Sponsorship is a marketing tool – a two-way partnership that trades resources for brand awareness and/or engagement with potential customers. If you are being asked/asking for a donation, this should come under community giving/donations. It is not sponsorship unless there is a benefit to the property, sponsor, and attendees.
Sponsorship is a marketing tool that small businesses can utilise effectively - True
Sponsorship is a powerful tool when used correctly. Sponsorship can provide sponsors with new leads, increased exposure, engagement opportunities, customer feedback, and an increase in brand awareness and perception, just from one event.
Sponsorship is only for large corporations – Myth
Small businesses can benefit from sponsorship just as much, if not more, than large corporations, both as the property (asking for sponsors to sponsor your event or activity) and the sponsor (sponsoring an event or activity).
Small businesses need to set criteria for approving sponsorship opportunities – True
For any sponsorship to be successful, you need to have criteria for approving sponsorship opportunities. As a marketing tool, sponsorship is there to support you by creating awareness and engagement with potential customers. You will need to evaluate each opportunity to ensure it is helping you reach your marketing goals. The first question to ask is, is your target audience going to be at this event? Then how will it support your marketing goals? Will there be an opportunity to get people to sign up for your newsletter? Or try your product? Get feedback on a new service? Build trust, etc.? Sponsorship is a vehicle to help you grow your business and reach your goals.
Gold, Silver, and Bronze Packages offer the most value – Myth
Gold, Silver, and Bronze Packages provide little value to both large and small businesses. They are fixed activities that, most of the time, don’t help you reach your marketing goals. Don’t be afraid to negotiate and only commit to the activities that you have the resources to support and which provide the most value to you.
I have paid for my sponsorship, now I don’t need to do anything – Myth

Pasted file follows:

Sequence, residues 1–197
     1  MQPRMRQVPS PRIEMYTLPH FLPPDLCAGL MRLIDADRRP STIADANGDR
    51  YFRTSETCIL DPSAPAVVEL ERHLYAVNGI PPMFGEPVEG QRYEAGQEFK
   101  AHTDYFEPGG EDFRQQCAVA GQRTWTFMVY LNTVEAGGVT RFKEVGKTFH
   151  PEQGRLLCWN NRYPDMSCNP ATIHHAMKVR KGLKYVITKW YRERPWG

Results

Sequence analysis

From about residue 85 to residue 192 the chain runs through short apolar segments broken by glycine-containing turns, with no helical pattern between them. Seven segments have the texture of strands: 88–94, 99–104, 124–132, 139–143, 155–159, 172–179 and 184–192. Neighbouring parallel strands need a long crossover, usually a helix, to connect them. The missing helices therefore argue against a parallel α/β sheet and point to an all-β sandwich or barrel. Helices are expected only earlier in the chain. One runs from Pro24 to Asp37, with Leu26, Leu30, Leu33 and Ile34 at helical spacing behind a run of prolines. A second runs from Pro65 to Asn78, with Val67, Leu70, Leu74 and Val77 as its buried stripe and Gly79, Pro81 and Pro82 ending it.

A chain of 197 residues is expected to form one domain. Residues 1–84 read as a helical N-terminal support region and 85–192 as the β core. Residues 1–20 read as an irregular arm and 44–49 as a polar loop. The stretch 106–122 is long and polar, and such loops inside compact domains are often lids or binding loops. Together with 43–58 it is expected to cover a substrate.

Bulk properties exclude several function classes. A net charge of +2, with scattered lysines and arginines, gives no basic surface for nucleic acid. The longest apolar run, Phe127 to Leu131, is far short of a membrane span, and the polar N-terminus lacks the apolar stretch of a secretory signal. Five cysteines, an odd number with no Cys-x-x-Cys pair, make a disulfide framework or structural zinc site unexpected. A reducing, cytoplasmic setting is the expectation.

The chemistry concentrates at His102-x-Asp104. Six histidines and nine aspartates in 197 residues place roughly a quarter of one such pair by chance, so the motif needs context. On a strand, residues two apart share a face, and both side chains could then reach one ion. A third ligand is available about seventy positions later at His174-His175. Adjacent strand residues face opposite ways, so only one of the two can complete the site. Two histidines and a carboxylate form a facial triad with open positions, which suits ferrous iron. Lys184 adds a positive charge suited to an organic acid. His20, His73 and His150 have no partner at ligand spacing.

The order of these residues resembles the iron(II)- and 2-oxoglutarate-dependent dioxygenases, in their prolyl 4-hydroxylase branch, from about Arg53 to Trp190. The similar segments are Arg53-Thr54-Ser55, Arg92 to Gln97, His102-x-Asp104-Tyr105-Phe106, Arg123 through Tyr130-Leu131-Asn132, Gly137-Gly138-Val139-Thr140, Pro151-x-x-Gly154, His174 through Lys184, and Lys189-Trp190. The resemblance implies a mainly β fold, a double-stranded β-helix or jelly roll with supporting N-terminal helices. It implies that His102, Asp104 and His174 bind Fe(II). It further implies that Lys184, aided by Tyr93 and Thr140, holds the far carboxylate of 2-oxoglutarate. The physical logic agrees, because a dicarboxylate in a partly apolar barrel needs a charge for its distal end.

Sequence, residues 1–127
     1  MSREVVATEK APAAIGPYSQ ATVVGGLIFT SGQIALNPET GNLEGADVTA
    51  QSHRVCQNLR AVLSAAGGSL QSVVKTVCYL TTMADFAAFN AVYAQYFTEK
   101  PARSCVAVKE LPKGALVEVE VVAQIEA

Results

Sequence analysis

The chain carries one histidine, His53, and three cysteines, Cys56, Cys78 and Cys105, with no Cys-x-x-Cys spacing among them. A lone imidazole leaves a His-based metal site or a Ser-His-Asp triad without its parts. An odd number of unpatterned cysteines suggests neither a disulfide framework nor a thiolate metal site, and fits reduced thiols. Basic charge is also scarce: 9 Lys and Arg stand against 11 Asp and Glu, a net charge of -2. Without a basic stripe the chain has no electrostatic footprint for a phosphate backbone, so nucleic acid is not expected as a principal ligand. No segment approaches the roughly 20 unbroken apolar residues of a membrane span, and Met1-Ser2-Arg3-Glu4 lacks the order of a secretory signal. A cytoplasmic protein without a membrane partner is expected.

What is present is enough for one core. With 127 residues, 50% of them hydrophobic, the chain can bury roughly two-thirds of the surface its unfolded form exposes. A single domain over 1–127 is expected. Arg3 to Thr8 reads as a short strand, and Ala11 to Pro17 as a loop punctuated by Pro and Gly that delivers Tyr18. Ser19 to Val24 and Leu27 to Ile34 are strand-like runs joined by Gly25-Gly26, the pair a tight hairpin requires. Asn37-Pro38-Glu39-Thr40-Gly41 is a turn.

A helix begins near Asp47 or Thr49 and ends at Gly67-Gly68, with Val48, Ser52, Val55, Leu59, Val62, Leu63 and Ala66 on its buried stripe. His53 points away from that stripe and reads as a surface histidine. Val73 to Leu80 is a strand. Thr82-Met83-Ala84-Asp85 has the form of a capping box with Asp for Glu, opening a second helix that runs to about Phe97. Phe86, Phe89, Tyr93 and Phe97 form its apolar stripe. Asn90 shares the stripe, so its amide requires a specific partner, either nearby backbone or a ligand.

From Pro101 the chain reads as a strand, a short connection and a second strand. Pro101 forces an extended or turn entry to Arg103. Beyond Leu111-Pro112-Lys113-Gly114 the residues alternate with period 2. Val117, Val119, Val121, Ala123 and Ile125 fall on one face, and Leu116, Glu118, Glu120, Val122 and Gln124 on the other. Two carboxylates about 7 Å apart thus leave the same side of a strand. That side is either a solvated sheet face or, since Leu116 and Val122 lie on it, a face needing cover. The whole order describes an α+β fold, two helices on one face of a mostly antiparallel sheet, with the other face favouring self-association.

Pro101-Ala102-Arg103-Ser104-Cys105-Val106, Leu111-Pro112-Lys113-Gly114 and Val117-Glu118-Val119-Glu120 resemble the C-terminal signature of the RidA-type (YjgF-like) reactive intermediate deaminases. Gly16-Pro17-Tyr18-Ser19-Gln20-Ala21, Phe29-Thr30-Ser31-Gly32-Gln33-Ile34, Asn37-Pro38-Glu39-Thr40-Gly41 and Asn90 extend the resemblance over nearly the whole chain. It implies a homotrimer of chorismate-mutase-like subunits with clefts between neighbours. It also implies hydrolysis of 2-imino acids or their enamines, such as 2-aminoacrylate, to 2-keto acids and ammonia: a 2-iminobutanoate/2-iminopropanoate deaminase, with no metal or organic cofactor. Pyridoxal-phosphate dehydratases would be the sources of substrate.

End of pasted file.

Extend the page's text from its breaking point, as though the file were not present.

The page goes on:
As a sponsor you have a role to play, to ensure you maximise this opportunity given to you. Sponsorship is not a guarantee, it is an opportunity. That means you still have work to do – that may be submitting blogs, setting up booth space, speaking, running workshops, etc. Schedule the deadlines for when everything is needed: logo, artwork, copy, set up, staff to man the booth.
Sponsorship will cost the sponsor more than asked for – True
Once you have paid for sponsorship, you will need to plan for an activation budget. This is the cost for additional branding materials, such as postcards, leaflets, giveaways, branded pens, t-shirts, staff to man booths, etc. Make a list of everything you are committed to and calculate the activation cost. Activation budgets should be no more than the value of the sponsorship.
There is no ROI with sponsorship – Myth
Sponsorship is a wonderful marketing tool when used effectively. There are several ways to measure ROI but all will depend on if your target market is there, what your objectives are, and what you are trying to achieve. Look at impressions, new subscribers, new followers on social media, how many people sampled your product or service, how many attended your workshop or read your blog post, etc. There is also the unmeasurable, such as the elevated trust and brand awareness gained from other sponsors/events.
Sponsorship has so many benefits and opportunities for small businesses, but if you don’t manage it correctly with a simple criteria and reporting tools, you are setting yourself up for disappointment and failure. If you need help adding sponsorship to your marketing plan, contact us at the Moores Group for a Sponsorship Review to make sure your sponsorship dollars get you more return on your investment.